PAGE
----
Elegy for an Advertisement

I drove into San Francisco in June or July for the first time since the order to shelter in place had begun. I remember the bizarre emptiness of both the freeway and the streets; the lack of traffic rendering it impossible to anticipate my exit. Everything happened too quickly. The billboards that caught my eye were the ones that seemed the most apocalyptic: an advertisement for A Quiet Place 2: now months out of date. One Valentine-flavored ad still hanging on. No sign of summer; no concert series or convention ads, no liquor boards reminding you that drinking in groups with friends is your gods-given summer night right. It was as if time had stopped.

One of the only things that looked unchanged, that made the city seem eternal, was the light-up Coca Cola billboard that has sat beside the 80 west since 1937. Sitting above SoMa, it shimmered like a shower of coins as I entered the city, reminding me that good things happen here. Coca-Cola removed the sign just this week, citing their interest in digital platforms and the outdated nature of the sign itself.

They’re right, of course. And it’s silly to mourn an advertisement in an age when we are soaking in them, drowning in them, living cheek-and-jowl with influencers and advertorials, incapable of separating advertising from any other form of communication. But I loved that sign. It never seemed like an ad, despite its imperative ENJOY. It was just a feature of the skyline, like the Transamerica Pyramid or Coit Tower or (gods help me, I’ve gotten used to it) Benioff’s phallic disaster with its Eye of Sauron on top. Logos as classic and well-known as the Coca-Cola wordmark carry the same psychic weight as religious iconography in our overtaxed monkey minds. I want to lift my eyes to it in wonder, take in its sparkle, see it separate from the bottling plant or the bottle, love it for its beauty alone. And I never will again.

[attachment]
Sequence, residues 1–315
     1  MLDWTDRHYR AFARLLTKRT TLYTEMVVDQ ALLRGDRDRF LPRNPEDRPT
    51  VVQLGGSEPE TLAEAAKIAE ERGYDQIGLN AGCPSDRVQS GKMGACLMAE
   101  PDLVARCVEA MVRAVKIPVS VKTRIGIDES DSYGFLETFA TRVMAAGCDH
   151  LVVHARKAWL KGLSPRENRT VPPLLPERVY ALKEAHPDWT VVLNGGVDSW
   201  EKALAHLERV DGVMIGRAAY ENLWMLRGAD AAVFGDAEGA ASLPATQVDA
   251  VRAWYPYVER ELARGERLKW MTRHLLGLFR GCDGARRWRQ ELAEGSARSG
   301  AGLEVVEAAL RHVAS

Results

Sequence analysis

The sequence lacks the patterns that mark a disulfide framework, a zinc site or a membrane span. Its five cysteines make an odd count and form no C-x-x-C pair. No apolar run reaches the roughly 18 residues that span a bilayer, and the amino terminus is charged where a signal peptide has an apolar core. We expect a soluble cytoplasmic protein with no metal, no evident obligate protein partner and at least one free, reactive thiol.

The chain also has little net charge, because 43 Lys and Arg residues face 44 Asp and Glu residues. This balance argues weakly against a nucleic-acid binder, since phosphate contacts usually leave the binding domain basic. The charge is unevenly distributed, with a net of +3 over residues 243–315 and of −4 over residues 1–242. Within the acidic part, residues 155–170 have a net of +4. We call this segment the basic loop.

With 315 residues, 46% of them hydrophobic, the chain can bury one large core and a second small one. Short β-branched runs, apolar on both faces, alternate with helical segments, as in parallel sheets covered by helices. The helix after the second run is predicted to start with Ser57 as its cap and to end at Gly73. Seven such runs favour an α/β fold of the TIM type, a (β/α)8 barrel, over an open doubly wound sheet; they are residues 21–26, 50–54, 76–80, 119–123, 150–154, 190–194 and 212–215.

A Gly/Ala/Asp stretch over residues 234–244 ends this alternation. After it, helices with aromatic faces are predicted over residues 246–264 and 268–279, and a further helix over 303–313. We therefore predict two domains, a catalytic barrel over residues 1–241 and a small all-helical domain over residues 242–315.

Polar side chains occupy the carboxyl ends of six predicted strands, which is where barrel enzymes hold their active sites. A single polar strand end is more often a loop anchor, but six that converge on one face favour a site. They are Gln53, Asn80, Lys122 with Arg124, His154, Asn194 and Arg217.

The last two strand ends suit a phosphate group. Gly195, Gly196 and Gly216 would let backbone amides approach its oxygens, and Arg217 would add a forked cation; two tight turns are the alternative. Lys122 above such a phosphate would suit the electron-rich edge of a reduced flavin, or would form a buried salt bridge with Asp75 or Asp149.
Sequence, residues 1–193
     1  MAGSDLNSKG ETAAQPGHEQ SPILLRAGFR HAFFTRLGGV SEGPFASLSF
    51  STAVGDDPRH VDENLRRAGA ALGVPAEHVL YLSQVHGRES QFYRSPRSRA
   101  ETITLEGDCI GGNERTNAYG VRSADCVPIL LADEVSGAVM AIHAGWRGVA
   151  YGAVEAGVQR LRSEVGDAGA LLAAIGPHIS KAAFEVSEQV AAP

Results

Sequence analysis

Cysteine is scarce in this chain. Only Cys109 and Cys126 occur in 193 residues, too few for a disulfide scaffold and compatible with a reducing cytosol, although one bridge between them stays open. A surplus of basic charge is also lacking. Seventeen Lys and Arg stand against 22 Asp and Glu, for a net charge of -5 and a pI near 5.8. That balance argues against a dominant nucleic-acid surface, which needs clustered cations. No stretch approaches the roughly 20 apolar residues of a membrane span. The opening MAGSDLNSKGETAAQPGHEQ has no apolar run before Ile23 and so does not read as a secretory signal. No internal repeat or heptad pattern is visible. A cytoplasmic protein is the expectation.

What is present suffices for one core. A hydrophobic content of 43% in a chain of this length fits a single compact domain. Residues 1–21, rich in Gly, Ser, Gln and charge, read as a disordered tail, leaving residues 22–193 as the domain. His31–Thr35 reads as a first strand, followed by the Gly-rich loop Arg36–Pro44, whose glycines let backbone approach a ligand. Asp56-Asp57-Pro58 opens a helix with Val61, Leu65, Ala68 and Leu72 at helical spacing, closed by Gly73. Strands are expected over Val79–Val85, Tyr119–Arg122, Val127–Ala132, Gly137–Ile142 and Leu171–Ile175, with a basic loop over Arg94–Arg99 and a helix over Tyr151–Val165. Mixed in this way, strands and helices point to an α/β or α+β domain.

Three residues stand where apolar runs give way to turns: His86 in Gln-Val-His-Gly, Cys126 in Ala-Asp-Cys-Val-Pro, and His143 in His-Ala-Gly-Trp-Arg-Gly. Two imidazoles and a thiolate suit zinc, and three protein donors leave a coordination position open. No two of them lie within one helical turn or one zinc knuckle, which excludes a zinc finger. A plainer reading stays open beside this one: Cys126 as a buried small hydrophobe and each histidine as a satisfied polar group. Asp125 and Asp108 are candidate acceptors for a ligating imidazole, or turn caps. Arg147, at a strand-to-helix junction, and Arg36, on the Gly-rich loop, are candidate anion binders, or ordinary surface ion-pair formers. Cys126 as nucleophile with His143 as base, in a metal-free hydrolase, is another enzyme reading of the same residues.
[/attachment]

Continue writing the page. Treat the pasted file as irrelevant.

I loved it best at night: its red paint rendered into black, its lights running in warm yellow incandescent sequence like Vegas, like dressing-room glamour. I loved it on my way in and out of the city: seen through the eyes of anticipation and then nodded to through a haze of drink and a droopy eyelash. It was the guardian of the night and the night out. It was a lantern and a wink to the reveler who came across the bridge in search of something with a little fizz in it. It was soft drink and hard naughty, more a symbol of nightlife for me than of a daytime-appropriate beverage with a squeaky-clean image. Maybe I loved the Coke billboard because it looked like every cartoon representation of the heartless, unstoppable city I’d ever seen. You know the one: the sound of shouting and car horns as neon and bright-bulbed lights flash the promise of vice and sin: theatre, drinks, live nude girls!

The real vices of San Francisco line the freeway further on: Dreamforce made to look like Disneyland instead of an influx of khaki-clad bizdev posers ruining the city’s night life. The towering depiction of the kinds of photos you could be taking if only you’d gotten the Good iPhone, not like the shitty one you bought a month ago. The pot-scraping fear synthesis of the Bay Alarm ads set up for the benefit of commuters from Oakland: On your way to work? So are the thieves. 

Compared with all these, the Coca-Cola sign was a prosaic, old-fashioned shimmering harbinger of good things ahead. It betokened a night on the town, one you didn’t even have to drink to enjoy. Perhaps it’s fitting that the sign is coming down while we’re all on restriction, unable to have those vistas and those evenings anyway. When we return, we will find a city gutted by its latest epidemic, abandoned by those who didn’t want to pay exorbitant rent to stay in their shoebox apartments and wait for San Francisco to come back to life again. Shouldn’t we find her a little less bubbly?

I have been counting the things I cannot return to, I have been living on the list of things I shall know once more when I can. There is so much I miss that has quietly died during this awful, frozen time. One of my favorite places in Oakland, the Starlight Lounge, was one such casualty. I drove by it a few months ago to find it boarded up and anonymized. Some poetic soul had painted the end is nigh across its blank façade. Where the Coca-Cola sign was, there will be no such statement to mark its absence. Only a patch of blue sky, only fewer lights in the night.

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